UTILITARIANISM

A prominent school of thought in political philosophy is utilitarianism. The founders of utilitarianism are the English philosophers Jeremy Bentham (1748-1832) and John Stuart. Mill (1806-1873) To a large extent, the goal ‘of utilitarians is to apply the logic of individual decision making to questions concerning morality and public policy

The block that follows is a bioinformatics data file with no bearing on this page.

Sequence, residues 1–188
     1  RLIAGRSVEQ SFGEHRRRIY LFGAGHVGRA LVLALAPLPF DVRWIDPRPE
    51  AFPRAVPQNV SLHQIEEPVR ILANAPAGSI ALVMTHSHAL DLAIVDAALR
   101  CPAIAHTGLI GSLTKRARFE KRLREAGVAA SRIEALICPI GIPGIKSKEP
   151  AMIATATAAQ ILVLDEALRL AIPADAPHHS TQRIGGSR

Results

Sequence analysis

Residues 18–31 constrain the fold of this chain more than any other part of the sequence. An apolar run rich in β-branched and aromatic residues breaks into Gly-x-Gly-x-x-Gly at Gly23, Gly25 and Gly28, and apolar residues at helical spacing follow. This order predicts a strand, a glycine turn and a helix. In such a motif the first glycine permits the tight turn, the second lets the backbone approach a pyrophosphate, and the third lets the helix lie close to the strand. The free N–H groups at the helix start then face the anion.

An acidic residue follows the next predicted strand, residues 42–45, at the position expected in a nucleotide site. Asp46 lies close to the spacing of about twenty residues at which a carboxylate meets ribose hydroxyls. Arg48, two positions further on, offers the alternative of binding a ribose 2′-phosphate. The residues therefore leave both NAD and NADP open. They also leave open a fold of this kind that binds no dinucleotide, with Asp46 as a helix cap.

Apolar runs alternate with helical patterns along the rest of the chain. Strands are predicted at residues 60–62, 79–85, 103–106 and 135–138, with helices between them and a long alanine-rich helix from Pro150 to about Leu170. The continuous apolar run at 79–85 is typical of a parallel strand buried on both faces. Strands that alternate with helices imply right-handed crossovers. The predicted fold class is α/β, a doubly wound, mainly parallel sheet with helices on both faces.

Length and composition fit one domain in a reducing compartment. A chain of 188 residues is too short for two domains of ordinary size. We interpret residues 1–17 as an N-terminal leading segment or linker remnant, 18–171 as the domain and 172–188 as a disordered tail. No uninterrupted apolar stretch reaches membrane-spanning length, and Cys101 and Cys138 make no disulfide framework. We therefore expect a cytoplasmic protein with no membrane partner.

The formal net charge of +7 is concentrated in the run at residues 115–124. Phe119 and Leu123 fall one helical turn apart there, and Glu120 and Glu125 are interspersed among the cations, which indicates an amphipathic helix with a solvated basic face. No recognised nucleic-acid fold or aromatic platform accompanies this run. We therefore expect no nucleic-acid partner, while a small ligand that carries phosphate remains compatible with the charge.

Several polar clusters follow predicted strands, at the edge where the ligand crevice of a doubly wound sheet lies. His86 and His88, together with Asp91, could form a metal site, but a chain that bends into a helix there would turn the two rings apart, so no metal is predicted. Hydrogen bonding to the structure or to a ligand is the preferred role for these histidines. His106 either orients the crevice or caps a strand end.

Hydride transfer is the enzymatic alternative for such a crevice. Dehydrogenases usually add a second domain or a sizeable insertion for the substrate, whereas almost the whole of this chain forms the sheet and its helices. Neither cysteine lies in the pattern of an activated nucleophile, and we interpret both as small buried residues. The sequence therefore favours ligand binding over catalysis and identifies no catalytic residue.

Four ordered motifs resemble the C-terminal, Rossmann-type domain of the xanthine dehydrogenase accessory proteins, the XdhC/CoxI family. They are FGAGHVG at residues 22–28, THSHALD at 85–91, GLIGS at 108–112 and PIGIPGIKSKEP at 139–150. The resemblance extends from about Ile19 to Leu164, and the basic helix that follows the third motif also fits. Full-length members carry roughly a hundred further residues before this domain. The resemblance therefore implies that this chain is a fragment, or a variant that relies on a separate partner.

The starting point of utilitarianism is the notion of utility-the level of happiness or satisfaction that a person receives from his or her circumstances. Utility is a measure of well-being and, according to utilitarians, is the ultimate objective of all public and private actions. The proper goal of the government they claim, is to maximize the sum of utility of everyone in society The utilitarian case for redistributing income is based on the assumption of diminishing marginal utility. It seems reasonable that an extra dollar of income to a poor person provides that person with more I additional utility than does an extra dollar to a rich person. In other words, as a person’s income rises the extra well-being derived from an additional dollar of income falls. This plausible assumption, together with the utilitarian goal of maximizing total utility, implies that the government should try to achieve a more equal distribution of income The Adventists simple Imagine that Peter and Paul are the same, except that Peter earns $80,000 and Paul earns $20,000. In this.case, taking a dollar from Peter to pay Paul will reduce Peter’s utility and raise Paul’s utility But because of diminishing marginal utility, Peter’s utility falls by less than Paul’s utility rises Thus, this redistribution of income raises total utility, which is the utilitarian’s objective At first, this utilitarian argument might seem to imply that ,the government should continue to redistribute income Until everyone In”society has exactly the same income. Indeed, that would be the case if the total amount of income-$IOO,OOO in our example-s-were fixed. But in fact, it is not Utilitarians reject complete equalization of incomes because they accept one of the Ten Principles of Economics presented in Chapter I: People respond to incentives To take from Peter to pay Paul, the government must pursue policies that redistribute income. The u.s. federal income tax and welfare system are examples. Under these policies, people with high incomes pay high taxes, and people with low incomes receive income transfers. Yet if the government takes away additional income a person might earn through higher income taxes or reduced transfers, both Peter and Paul have less incentive to work hard. As they work less, society’s income falls, and so does total utility The utilitarian government has to balance the gains from greater equality against the losses from distorted incentives To maximize the government stops short of making society fully egalitarian A famous parable s ht on  utilitarian’ logic . Imagine that Peter and Paul are thirsty travelers trapped at different place Pete’ oasis has much water; Paul’s has little. If the government could transfer water fro to er the out cost, it would maximize total utility from water by equalizing the amount in the two But suppose that the government has only a leaky bucket. As it tries to move water from one place to the other, some of the water is lost in transit. In this case, a utilitarian government might still try to some water from Peter to Paul, depending on how thirsty Paul is and how leaky the bucket is. But With only a leaky bucket at its disposal, a utilitarian government will not try to reach complete equality.

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